“If we managed to unilaterally get information that we could act on, and we thought we could actually get U.S. people out alive, we could act, but there was genuinely very little information specifically about U.S. hostages,” one official said.

However, the intelligence-sharing relationship between the United States and Israel is not without scrutiny and concern. The Post reports:

In interviews, Israeli officials said they were grateful for the U.S. assistance, which in some cases has given the Israelis unique capabilities they lacked before Hamas’s surprise cross-border attacks. But they also were defensive about their own spying prowess, insisting that the United States was, for the most part, not giving them anything they couldn’t obtain themselves. That position can be hard to square with the obvious failures of the Israeli intelligence apparatus to detect and respond to the warning signs of Hamas’s planning.

The U.S.-Israel partnership is, at times, tense. Some U.S. officials have been frustrated by Israel’s demand for more intelligence, which they said is insatiable and occasionally relies on flawed assumptions that the United States might be holding back some information.

In a briefing with reporters at the White House last month, national security adviser Jake Sullivan said Washington “has provided an intense range of assets and capabilities and expertise.” Responding to a May 11 Washington Post report, Sullivan said that the intelligence is “not tied or conditioned on anything else. It is not limited. We are not holding anything back. We are providing every asset, every tool, every capability,” Sullivan said.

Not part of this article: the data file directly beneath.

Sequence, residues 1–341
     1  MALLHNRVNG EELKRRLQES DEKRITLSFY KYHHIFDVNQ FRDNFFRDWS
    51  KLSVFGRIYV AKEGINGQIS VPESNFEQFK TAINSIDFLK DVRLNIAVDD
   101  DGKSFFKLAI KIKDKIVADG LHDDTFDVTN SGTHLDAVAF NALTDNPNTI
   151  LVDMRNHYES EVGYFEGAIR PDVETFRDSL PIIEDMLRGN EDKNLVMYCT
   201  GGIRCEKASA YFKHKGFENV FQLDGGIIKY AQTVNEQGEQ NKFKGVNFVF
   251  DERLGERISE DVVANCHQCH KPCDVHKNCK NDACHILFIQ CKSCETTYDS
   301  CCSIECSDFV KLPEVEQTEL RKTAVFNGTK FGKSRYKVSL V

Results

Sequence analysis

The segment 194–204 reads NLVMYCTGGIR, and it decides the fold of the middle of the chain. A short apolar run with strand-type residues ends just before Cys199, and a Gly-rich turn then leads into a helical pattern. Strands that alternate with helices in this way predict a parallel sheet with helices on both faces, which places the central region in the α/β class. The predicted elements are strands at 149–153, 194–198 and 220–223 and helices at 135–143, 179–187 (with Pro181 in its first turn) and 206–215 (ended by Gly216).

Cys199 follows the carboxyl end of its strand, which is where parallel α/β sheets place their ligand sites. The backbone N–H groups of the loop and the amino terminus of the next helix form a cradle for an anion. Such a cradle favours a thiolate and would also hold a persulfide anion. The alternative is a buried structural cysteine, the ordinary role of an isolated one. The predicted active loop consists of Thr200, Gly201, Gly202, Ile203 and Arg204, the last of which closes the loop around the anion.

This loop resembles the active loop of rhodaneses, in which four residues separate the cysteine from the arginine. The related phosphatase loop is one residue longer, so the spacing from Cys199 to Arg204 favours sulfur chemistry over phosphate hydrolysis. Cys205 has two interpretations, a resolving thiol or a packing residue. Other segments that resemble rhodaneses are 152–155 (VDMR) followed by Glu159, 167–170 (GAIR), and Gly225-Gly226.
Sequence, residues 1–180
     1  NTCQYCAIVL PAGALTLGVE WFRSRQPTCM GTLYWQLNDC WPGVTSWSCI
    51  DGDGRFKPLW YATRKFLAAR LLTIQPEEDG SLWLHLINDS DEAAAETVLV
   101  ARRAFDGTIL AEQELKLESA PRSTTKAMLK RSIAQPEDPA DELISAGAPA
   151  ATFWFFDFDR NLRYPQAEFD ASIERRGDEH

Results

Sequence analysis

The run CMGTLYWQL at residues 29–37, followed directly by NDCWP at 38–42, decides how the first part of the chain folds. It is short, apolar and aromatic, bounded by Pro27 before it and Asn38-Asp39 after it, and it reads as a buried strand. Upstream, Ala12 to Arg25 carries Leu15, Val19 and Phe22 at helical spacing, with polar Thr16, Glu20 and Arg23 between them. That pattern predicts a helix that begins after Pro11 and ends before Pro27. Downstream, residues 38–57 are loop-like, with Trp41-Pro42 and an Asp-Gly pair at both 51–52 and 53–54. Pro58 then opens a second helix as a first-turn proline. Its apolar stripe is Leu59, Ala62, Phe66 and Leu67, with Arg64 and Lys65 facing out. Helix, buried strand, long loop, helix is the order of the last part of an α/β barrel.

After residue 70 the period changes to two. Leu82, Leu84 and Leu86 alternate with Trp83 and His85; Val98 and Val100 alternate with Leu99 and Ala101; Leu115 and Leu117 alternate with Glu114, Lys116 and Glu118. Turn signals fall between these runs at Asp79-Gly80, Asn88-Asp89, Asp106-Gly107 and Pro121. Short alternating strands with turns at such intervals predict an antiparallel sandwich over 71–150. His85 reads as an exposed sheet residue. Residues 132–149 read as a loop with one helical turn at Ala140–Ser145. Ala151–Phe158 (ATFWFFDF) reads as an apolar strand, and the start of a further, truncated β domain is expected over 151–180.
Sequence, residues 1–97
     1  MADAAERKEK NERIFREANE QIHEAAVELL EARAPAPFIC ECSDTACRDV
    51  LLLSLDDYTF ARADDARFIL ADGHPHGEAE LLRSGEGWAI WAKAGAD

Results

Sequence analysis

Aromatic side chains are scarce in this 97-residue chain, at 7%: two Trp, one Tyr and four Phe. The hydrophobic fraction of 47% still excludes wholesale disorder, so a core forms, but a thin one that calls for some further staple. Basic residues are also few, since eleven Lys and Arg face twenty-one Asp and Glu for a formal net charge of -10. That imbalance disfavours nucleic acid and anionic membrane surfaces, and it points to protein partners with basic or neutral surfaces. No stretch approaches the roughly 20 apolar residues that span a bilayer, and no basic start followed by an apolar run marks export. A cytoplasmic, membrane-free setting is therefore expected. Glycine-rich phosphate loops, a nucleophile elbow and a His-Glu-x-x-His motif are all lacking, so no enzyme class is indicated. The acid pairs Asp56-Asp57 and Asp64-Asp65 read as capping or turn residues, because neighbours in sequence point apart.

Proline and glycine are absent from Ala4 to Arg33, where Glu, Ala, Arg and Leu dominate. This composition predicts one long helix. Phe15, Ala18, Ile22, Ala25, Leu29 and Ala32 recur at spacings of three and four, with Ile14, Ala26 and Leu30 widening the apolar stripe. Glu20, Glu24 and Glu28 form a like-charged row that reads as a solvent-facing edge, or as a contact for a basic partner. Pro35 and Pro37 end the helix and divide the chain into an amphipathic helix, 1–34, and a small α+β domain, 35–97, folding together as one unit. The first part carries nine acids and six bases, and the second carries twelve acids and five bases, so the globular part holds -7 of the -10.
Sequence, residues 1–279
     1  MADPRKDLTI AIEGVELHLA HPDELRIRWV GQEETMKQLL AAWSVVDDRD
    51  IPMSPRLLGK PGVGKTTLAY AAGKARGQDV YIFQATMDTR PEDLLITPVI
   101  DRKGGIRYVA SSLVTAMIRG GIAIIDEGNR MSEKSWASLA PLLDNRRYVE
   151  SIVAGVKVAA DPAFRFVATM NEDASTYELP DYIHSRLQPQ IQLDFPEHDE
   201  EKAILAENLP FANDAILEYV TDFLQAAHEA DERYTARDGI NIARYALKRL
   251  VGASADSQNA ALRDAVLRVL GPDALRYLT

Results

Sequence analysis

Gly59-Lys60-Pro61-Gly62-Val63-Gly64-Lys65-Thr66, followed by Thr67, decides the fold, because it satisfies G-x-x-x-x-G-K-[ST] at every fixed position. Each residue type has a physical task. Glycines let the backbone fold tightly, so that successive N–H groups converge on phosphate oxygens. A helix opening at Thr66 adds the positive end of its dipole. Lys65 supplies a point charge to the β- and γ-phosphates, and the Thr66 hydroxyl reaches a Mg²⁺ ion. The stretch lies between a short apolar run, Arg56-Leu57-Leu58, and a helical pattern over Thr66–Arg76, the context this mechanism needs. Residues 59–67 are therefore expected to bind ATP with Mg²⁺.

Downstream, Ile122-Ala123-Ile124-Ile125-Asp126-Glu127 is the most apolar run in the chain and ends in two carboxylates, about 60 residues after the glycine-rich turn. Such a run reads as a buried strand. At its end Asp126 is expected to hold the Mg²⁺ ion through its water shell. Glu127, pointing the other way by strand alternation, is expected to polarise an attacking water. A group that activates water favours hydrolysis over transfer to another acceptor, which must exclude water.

Other officials, including lawmakers on Capitol Hill, worry that intelligence the United States provides could be making its way into the repositories of data that Israeli military forces use to conduct airstrikes or other military operations, and that Washington has no effective means of monitoring how Israel uses the U.S. information.

The Biden administration has forbidden Israel from using any U.S.-supplied intelligence to target regular Hamas fighters in military operations. The intelligence is only to be used for locating the hostages, eight of whom have U.S. citizenship, as well as the top leadership of Hamas — including Yehiya Sinwar, the alleged architect of the Oct. 7 attacks, and Mohammed Deif, the commander of Hamas’s military wing. The State Department in 2015 designated both men as terrorists. Three of the eight U.S. hostages have been confirmed dead, and their bodies are still being held in Gaza, according to Israeli officials.